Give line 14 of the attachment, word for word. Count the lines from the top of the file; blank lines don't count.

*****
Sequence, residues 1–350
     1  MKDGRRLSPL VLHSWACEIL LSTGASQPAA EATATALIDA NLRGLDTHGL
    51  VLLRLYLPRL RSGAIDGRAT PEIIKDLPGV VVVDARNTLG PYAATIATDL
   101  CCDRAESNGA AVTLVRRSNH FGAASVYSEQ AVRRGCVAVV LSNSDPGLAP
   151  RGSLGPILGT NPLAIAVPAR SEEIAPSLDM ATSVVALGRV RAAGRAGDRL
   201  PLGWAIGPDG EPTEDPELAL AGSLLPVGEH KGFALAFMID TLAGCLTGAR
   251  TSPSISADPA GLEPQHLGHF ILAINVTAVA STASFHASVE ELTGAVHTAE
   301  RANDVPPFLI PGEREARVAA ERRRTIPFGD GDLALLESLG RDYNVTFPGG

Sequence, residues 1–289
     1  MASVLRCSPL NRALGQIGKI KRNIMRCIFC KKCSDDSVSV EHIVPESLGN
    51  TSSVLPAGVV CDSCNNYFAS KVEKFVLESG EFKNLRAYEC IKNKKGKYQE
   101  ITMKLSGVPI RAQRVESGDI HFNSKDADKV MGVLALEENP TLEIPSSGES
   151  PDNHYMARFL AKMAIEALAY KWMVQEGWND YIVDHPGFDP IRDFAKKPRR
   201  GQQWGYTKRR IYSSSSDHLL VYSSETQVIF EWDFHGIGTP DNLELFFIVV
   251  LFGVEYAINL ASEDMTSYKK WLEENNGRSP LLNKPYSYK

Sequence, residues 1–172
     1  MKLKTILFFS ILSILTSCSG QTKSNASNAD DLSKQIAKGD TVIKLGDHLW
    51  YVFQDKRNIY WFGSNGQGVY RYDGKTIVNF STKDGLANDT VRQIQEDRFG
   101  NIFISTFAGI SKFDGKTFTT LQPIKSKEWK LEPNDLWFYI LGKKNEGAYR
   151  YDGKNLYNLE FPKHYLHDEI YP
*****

   201  GQQWGYTKRR IYSSSSDHLL VYSSETQVIF EWDFHGIGTP DNLELFFIVV